May 24th is coming, which is my Mom’s birthday. I would wait to write this until then, but I know that May is going to be a very busy month for me. If I’m going to write about my Mom, I should do it now while I have the time and the strength of mind to do this properly.
My entire life, I knew I was adopted. They never made that a secret. Until my early teens, I didn’t know anything about my biological parents, and I didn’t really care. I had parents that loved me. They made it clear that I was special. That I was chosen. I felt loved and spoiled, and that was enough.
In my teen years, I acted out a little. I didn’t show proper respect. I didn’t clean my room when asked. Honestly, my teenage rebellion was exceptionally mild.
But I did have a smart mouth. Upset with the way I was talking back, my Mom decided to drop an ounce of truth on me. She let me know that my biological mother was alive, she knew who she was, and that maybe I should be a little more thankful for the family I had.
My Dad was not present for this conversation. I don’t think he would have let it get that far.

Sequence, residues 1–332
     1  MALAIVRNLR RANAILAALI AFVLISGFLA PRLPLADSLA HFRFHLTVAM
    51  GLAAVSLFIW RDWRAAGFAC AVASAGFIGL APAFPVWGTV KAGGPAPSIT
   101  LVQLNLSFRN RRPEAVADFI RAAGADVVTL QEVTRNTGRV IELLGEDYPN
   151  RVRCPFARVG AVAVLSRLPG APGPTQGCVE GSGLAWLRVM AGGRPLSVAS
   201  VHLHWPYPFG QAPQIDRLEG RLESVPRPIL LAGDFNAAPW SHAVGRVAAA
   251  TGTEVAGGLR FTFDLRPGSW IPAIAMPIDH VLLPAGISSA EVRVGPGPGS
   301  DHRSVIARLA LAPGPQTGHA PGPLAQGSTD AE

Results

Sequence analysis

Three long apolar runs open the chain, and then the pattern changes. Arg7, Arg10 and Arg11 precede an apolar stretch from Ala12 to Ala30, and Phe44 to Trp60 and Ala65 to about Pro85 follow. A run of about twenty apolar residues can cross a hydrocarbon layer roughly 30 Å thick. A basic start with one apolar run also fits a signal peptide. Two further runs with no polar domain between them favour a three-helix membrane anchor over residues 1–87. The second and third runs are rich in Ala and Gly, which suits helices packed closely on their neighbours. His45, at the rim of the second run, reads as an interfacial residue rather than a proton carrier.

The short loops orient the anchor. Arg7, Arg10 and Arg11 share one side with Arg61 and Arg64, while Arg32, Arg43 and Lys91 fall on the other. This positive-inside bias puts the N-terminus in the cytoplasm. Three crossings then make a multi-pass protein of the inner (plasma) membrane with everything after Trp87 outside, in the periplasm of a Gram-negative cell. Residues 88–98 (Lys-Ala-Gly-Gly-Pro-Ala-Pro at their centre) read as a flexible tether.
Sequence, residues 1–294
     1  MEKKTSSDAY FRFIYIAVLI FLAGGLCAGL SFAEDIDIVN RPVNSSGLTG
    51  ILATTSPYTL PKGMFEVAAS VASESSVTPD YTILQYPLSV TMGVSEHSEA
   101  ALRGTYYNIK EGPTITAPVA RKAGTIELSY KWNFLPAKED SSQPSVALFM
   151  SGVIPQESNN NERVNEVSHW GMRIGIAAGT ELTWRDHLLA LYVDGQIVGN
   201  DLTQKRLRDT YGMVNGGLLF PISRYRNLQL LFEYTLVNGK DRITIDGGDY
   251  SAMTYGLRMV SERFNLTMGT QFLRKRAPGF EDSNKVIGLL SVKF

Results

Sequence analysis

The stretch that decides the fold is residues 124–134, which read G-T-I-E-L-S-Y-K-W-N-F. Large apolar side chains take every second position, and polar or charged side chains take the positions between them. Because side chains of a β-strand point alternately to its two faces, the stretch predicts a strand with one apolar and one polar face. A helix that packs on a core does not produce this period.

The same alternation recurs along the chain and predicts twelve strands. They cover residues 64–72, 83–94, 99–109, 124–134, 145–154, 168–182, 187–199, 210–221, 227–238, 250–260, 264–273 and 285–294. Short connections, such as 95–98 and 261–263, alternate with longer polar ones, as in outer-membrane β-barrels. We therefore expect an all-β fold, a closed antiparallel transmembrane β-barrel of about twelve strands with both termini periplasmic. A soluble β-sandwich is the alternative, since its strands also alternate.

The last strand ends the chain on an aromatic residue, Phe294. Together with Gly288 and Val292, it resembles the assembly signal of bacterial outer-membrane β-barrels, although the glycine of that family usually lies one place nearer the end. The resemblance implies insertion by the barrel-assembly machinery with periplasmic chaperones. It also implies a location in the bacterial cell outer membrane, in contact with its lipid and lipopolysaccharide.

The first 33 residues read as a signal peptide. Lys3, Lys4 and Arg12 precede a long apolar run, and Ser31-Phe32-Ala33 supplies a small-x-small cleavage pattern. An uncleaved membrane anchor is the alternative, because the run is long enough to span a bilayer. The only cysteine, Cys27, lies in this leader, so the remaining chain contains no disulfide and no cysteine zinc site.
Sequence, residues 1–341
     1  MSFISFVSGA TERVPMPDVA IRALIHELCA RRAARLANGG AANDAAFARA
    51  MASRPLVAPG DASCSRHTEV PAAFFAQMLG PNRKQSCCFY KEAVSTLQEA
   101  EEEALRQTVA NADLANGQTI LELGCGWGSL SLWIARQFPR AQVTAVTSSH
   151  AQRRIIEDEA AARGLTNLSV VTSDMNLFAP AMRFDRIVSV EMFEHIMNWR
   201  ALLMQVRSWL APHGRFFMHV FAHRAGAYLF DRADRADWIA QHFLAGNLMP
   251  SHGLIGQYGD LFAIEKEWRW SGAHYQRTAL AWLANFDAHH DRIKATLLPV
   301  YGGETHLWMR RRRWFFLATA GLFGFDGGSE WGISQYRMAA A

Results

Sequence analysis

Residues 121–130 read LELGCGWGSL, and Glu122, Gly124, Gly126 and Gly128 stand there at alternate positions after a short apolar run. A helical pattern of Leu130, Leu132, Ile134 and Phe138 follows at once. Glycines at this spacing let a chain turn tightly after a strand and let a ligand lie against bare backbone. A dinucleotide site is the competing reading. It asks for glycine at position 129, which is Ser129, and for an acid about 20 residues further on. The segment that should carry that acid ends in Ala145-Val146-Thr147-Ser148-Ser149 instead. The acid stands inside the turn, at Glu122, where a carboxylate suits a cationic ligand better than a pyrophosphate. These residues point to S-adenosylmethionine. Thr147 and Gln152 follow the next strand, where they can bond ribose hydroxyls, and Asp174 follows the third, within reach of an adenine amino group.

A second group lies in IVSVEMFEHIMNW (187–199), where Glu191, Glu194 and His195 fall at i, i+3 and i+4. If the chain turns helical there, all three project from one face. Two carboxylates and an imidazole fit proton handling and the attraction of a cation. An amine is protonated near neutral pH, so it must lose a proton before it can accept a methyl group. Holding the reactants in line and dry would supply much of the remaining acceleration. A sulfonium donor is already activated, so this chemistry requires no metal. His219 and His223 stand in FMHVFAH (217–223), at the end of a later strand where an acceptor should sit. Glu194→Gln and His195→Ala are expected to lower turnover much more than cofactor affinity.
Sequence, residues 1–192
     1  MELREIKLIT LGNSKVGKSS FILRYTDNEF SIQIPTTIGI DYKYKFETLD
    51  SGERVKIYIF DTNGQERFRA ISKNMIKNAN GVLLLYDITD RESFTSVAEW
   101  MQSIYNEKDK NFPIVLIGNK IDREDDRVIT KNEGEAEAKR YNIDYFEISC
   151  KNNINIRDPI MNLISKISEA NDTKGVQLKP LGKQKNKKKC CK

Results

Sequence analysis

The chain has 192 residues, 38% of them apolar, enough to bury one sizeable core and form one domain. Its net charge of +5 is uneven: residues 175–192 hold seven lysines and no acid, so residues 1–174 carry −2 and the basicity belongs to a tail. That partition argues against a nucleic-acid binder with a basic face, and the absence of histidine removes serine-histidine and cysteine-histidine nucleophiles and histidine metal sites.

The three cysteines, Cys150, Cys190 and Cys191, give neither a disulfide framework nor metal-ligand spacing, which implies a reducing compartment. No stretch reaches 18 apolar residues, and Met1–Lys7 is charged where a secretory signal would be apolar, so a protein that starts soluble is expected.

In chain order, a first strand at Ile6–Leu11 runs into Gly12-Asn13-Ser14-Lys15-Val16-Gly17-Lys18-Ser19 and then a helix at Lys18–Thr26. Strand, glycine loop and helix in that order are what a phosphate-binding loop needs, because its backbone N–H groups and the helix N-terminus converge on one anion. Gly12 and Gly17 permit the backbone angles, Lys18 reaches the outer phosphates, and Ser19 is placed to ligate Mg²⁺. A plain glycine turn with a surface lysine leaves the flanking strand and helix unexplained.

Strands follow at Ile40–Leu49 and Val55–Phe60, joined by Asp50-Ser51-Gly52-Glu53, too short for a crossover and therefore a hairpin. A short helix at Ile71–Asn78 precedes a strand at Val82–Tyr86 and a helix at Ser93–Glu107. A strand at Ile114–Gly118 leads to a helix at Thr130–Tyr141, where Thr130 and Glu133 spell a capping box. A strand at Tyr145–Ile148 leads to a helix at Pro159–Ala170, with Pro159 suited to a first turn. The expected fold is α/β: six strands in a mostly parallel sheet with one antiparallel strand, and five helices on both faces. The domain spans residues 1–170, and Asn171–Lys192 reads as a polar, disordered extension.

Knowing that my biological mother was out there did not do good things for me. But I’m not writing this to talk about me, or the psychological stress of holding onto that particular truth. I’m writing this to paint a picture of what my Mom was like.
She loved her children, but she was careless with them. She said things and did things that were outright brutal, not realizing what sort of effect her words would have. The flaws in her humanity expressed most with regards to her children, of which she had many. All of them left her before they finished High School, except me. The youngest. Maybe she had mellowed by the time I was born.
I’m not writing this to bash her. I would be a really terrible person to besmirch her character all these years after her death. My words are meant to paint a realistic picture, revealing some of the flaws, so that the beauty she did possess can be appreciated.
My Dad died October 31, 1988. It is easy for me to remember the date, because it was Halloween. I can remember the year, because he’d been present when I bowled my first 200 game on October 10, 1987, the day after 10-9-87. He’d been a part of a special moment for me, and he died a year later. It gives me an easy way to remember.
Shortly after my Dad’s death, my Mom left her stable job at the Medford Medical Center and became a consultant. She traveled all over the country, working in different hospitals. It was like I’d lost both parents, that year.